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O n December 21, California’s nicotine flavor ban finally went into effect, a little more than a month after voters overwhelmingly approved Proposition 31. The law will prohibit the sale of almost all flavored nicotine products—including vapes and menthol cigarettes, but excluding hookah and some premium cigars. R&M Wholesale
Many people who switch from cigarettes to vapes find flavors helpful, or even crucial, in doing so. Previous vape flavor bans, like one enacted in San Francisco, have led to increased smoking in some populations. Some vapers will also still find ways to obtain their preferred products. But in other ways, the landscape that will now emerge across the state is hard to predict.
The legislation behind Prop. 31, SB 793, was technically passed by lawmakers in 2020, but had been delayed following sustained pushback from the nicotine industry and tobacco harm reduction (THR) proponents. Reynolds and other companies had given much of the funding for the campaign against Prop. 31. Billionaire Michael Bloomberg—THR’s leading adversary—almost exclusively bankrolled the committee in support, with much larger sums.
Questions remain about how California will enforce it—and what type of illicit market will emerge to fill the flavor vacuum.
After the November 8 vote, Reynolds and a few other tobacco and vapor manufacturers filed an emergency application for writ of injunction with the Supreme Court, in what many observers saw as a last-ditch, Hail Mary effort to stop the flavor ban. (Reynolds had previously failed to persuade district and circuit courts to stop the law.) The Supreme Court refused to block it.
Now, questions remain about how, exactly, California will manage to enforce a law with technicalities that even seem to be confusing the state government—and what type of illicit market will emerge to fill the flavor vacuum.
Stefan Didak, a California-based THR advocate, said that though he hoped those carrying out enforcement would at least be consistent, he was not optimistic, especially in the short term: He has already heard that the government, specifically the California Department of Tax and Fee Administration (CDTFA), has given conflicting guidance to retailers—some of whom have been told, for instance, that selling online is legal, while others have been informed that it’s not. (Didak believes the legislation does allow for online sales.)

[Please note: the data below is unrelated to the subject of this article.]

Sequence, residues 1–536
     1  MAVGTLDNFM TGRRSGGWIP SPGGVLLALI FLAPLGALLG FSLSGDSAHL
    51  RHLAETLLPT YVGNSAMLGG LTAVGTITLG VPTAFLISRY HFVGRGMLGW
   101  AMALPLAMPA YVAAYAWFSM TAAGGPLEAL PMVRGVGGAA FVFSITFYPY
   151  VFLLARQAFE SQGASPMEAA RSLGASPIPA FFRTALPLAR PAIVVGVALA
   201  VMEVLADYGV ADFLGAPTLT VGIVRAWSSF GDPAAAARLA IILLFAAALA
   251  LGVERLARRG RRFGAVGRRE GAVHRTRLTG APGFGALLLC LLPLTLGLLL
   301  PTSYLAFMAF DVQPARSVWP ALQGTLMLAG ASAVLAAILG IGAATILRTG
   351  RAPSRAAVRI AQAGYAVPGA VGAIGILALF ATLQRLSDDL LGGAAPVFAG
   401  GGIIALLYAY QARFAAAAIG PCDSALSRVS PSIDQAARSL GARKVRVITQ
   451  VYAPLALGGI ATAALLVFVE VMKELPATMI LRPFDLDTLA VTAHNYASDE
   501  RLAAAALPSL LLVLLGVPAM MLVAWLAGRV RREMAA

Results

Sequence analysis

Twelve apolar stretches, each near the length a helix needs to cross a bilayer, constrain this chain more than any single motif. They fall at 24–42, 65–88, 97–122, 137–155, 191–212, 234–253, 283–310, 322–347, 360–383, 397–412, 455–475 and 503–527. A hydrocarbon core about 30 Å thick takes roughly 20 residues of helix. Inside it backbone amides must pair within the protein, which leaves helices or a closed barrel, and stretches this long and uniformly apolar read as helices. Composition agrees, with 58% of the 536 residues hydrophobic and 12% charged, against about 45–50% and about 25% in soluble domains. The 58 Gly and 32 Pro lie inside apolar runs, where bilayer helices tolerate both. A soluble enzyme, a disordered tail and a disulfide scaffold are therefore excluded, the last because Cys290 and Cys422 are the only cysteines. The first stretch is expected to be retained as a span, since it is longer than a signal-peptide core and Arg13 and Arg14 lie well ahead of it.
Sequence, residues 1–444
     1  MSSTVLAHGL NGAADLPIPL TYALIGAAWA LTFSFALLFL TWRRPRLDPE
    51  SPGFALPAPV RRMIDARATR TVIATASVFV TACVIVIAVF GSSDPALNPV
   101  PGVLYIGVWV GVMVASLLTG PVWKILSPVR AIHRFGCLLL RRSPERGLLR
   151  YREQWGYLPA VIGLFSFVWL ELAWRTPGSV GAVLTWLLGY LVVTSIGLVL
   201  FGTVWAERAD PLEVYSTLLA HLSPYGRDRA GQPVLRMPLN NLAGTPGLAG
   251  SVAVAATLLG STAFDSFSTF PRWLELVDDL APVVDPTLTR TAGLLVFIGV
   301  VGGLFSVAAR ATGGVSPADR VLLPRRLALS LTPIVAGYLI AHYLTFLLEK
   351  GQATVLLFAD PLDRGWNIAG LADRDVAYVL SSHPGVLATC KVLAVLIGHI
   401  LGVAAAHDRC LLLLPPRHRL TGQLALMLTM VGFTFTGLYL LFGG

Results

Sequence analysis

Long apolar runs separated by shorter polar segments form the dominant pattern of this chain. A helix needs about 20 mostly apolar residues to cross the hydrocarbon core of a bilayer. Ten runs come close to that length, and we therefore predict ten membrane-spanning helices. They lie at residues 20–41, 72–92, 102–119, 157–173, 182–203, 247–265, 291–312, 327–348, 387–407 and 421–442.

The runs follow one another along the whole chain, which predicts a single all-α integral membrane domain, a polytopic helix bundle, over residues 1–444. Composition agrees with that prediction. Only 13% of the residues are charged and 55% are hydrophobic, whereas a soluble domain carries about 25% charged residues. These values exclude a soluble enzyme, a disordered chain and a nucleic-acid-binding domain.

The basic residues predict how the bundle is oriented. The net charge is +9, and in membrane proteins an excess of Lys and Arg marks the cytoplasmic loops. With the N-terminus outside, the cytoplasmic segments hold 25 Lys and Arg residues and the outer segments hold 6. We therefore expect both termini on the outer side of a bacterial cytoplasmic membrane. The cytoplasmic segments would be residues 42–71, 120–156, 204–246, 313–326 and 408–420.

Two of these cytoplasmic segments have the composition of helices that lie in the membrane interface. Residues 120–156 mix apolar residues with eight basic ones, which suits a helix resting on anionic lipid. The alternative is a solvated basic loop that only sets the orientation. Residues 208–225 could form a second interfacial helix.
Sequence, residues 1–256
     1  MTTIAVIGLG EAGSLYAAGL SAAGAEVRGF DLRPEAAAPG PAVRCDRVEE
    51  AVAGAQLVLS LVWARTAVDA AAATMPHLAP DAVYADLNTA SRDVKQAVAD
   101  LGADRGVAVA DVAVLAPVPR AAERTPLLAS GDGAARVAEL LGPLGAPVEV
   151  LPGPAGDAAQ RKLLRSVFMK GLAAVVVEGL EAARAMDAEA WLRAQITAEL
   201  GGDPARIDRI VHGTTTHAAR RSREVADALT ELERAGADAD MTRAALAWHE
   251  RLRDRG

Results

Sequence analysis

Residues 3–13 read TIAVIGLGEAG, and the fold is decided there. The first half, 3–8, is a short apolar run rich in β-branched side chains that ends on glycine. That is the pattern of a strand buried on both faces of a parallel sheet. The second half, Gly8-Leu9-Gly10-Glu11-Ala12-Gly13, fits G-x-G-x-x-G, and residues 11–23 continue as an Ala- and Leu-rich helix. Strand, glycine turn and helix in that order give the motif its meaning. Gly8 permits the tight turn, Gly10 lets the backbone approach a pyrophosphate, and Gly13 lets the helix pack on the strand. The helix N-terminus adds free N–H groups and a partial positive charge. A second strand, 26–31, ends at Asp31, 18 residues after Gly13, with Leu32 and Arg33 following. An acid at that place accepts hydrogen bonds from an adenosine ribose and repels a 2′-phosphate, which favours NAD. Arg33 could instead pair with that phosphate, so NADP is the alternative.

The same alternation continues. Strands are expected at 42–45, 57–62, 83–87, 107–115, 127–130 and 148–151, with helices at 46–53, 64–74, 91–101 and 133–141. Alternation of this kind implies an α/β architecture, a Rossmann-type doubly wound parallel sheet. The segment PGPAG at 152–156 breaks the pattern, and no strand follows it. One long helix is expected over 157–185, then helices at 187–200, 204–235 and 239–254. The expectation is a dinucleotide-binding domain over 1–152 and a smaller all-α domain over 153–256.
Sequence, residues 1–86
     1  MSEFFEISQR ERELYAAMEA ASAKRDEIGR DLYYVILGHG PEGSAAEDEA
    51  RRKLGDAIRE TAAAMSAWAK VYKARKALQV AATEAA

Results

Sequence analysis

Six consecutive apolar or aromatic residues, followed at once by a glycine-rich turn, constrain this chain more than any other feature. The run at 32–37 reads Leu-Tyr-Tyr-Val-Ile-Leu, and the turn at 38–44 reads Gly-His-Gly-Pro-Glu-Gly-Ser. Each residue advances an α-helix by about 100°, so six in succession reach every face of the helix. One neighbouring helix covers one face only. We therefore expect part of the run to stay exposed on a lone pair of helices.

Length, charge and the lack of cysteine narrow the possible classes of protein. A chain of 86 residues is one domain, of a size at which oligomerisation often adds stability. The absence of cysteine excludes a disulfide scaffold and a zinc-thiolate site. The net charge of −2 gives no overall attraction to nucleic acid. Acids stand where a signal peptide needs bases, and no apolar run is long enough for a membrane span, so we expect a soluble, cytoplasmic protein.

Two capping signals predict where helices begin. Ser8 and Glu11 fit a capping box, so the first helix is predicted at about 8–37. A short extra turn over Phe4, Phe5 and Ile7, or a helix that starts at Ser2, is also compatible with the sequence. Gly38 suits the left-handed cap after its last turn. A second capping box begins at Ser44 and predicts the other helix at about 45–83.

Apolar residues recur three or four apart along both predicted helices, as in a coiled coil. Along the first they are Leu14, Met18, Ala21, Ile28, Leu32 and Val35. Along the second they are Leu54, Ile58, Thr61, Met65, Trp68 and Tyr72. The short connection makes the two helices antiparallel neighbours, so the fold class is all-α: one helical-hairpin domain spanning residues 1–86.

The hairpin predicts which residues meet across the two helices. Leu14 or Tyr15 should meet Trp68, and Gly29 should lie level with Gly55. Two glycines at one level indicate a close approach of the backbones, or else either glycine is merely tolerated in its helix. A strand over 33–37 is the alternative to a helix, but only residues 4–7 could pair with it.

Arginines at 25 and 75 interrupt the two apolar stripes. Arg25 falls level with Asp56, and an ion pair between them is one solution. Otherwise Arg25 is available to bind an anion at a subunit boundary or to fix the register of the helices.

He also cited another example, saying that a few retailers were informed that they could sell “clear” disposables (with no characterizing flavor), but others were advised not to do so, as the law bans anything “other than the taste or aroma of tobacco.”
“In the light of these inconsistencies, it makes me wonder how retailers are supposed to be law-abiding when those in charge of enforcement can’t figure things out,” Didak told Filter . “And if they can’t give clear answers to retailers, how is any of this, if at all, communicated to the local municipalities that are allowed to enforce the new law?”
“Overzealous individuals tasked with enforcement could do more damage to small businesses than the law itself,” he continued, “because overreach of enforcement leaves the retailer without much option other than to seek legal action, and most are not in a position to do so.”
Reynolds, for its part, has now sent “formal warning to approximately twenty retailers in the San Jose, Sacramento and Los Angeles communities that are selling flavored disposable vaping products in violation of applicable local ordinances,” threatening legal action against them. The company sells FDA-authorized tobacco-flavored vaping products, as well as menthol cigarettes that are prohibited under the ban. It stated that “the marketing and sale of [flavored disposables in California] harm those—like [Reynolds] and our customers—that comply with applicable legal requirements and responsible marketing practices.”
“It’s a shame seeing California be a progressive front-runner in other areas of harm reduction, but not for tobacco.”
California’s legislation is unique , too, in the sense that it bars so-called “flavor enhancers”—preventing a person from buying flavored e-liquid with no nicotine and adding it to flavorless nicotine at home—and seems to shut out any flavored product that could one day, perhaps, be authorized by the FDA.
But workarounds, of course, have always existed.
“I’ve been getting my flavored liquids from the black market for actual years now,” Nick “Grimm” Green, who lives in Los Angeles and runs a popular YouTube vaping channel, told Filter. “But I’m a resourceful ex-smoker. The non-hobbyist consumers are going to have a very difficult time and will most likely go for the easier and cheaper option, which in California is tobacco cigarettes. It’s a shame seeing California be a progressive front-runner in other areas of harm reduction, but not for tobacco cigarette smokers.”
Photograph by Diana Robinson via Flickr/Creative Commons 2.0
The Influence Foundation, which operates Filter, has received grants from Reynolds American, Inc. Filter’s Editorial Independence Policy applies.
Alex is Filter’s news editor. He previously worked as a reporter and copy editor at VICE, and has been published in The New York Times Magazine, The Columbia Journalism Review, The Los Angeles Times and The New Republic, among other outlets. He was also previously a freelance editorial consultant for the Foundation for a Smoke-Free World; The Influence Foundation, which operates Filter, has received grants from the Foundation for a Smoke-Free World. He is currently based in Los Angeles.
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